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Following an in-depth review, the U.K.'s Department of Energy and Climate Change (DECC) has announced a new plan for the country's solar feed-in-tariff (FIT) program that emphasizes long-term stability and certainty.

"Instead of a scheme for the few, the new improved scheme will deliver for the many," said Minister of State Greg Barker in a statement. "Our new plans will see almost two and a half times more installations than originally projected by 2015, which is good news for the sustainable growth of the industry."

The schedule calls for a FIT of 21 p/kWh beginning April 1 for residential installations with an eligibility date of March 3 or later. Larger installations will be subject to steeper FIT reductions, and individuals and organizations receiving FIT payments for more than 25 PV installations will also receive a reduced FIT.

Going forward, regular additional FIT cuts will be implemented, using a method similar to the one in place in Germany. "In line with the evidence of falling costs for solar PV, DECC is proposing to peg the subsidy levels to cost reductions and industry growth to provide more certainty for future investments," the agency explained in its announcement.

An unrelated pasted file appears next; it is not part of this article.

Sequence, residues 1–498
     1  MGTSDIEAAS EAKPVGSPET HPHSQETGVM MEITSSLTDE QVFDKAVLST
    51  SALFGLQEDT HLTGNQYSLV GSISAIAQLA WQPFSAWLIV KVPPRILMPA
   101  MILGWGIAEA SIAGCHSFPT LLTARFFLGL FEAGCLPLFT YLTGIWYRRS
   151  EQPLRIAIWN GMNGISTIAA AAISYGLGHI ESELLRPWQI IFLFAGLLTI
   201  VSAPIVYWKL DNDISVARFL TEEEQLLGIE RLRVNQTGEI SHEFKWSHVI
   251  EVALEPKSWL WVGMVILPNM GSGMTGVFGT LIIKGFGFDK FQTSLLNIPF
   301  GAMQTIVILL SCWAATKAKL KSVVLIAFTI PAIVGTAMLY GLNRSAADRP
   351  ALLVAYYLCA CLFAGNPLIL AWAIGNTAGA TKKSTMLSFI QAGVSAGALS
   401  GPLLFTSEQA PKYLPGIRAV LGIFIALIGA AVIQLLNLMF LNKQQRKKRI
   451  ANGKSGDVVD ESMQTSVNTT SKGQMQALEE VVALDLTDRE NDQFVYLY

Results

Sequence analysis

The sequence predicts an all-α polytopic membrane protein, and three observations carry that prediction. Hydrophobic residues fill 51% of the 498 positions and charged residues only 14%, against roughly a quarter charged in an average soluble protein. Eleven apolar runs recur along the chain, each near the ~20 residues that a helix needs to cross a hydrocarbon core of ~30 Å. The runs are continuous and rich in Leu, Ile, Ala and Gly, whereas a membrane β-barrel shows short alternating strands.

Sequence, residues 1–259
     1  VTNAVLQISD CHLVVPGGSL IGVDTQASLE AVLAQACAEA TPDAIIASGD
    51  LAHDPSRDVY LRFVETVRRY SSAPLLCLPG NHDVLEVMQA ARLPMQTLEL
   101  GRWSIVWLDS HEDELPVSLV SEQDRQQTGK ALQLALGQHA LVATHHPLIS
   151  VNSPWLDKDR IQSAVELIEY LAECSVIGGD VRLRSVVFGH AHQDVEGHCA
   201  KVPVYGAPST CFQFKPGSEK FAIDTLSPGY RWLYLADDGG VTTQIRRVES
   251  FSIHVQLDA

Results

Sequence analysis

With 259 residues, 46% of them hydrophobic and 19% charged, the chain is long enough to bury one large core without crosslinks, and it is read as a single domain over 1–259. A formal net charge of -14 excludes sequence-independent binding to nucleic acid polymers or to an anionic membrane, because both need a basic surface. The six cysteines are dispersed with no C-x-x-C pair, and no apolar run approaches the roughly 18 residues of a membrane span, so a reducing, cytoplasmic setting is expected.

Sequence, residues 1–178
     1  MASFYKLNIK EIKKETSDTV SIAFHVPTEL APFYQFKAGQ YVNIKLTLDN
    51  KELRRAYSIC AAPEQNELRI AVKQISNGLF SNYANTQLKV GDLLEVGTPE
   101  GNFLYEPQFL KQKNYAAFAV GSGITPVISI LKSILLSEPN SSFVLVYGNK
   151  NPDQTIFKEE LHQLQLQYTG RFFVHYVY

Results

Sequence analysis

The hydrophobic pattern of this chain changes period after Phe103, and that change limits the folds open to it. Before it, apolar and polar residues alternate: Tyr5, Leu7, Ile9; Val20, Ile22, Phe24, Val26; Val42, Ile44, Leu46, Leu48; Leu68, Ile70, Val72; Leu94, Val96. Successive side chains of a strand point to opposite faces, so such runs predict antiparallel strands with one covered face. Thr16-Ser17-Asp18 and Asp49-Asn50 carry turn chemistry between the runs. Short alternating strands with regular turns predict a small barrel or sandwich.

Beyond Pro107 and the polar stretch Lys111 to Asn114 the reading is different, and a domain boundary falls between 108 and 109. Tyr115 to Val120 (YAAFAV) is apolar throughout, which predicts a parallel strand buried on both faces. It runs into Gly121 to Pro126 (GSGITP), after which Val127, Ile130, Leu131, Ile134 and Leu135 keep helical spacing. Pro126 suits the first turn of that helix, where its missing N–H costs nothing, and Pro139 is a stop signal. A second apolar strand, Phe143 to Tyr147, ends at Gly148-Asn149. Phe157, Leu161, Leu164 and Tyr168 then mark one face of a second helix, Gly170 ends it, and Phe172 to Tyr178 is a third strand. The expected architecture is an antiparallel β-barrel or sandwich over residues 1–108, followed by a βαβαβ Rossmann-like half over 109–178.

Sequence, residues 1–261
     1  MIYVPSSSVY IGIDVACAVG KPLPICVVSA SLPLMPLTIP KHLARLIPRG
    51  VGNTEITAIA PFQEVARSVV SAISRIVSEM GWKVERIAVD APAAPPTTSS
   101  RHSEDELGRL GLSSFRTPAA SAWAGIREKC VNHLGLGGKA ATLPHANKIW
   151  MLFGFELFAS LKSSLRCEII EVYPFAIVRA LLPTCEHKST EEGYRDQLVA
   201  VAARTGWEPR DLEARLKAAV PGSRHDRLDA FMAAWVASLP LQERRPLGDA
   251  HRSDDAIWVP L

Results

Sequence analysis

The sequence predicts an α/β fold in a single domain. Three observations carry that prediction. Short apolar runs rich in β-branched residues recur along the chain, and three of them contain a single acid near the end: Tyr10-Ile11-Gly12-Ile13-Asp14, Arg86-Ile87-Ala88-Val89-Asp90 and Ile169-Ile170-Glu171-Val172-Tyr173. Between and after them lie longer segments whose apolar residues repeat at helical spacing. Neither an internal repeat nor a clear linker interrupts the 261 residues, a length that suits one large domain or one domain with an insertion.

The DECC has published several potential FIT reduction schedules, along with the rationale behind its overall new approach to FITs.

An building-energy-efficiency requirement has also been modified, which could prove to be a problem for some solar projects, according to Clare King, a renewable energy lawyer at U.K. law firm Osborne Clarke.

"The added complexity and cost of achieving a pre-determined energy performance level for buildings powered by solar might prove a step too far for many potential developers," King said in a statement.

But for PV installations completed between Dec. 12, 2011, and March 3, 2012, the FIT amount to be awarded has yet to be determined. These projects' FITs are subject to the outcome of an ongoing legal battle between the DECC and a solar coalition over FIT cuts announced last year. Those cuts were ruled illegal by a U.K. court.

"For struggling solar installers, uncertainty is still the order of the day, as the government remains determined to press ahead with its Supreme Court appeal," King noted.


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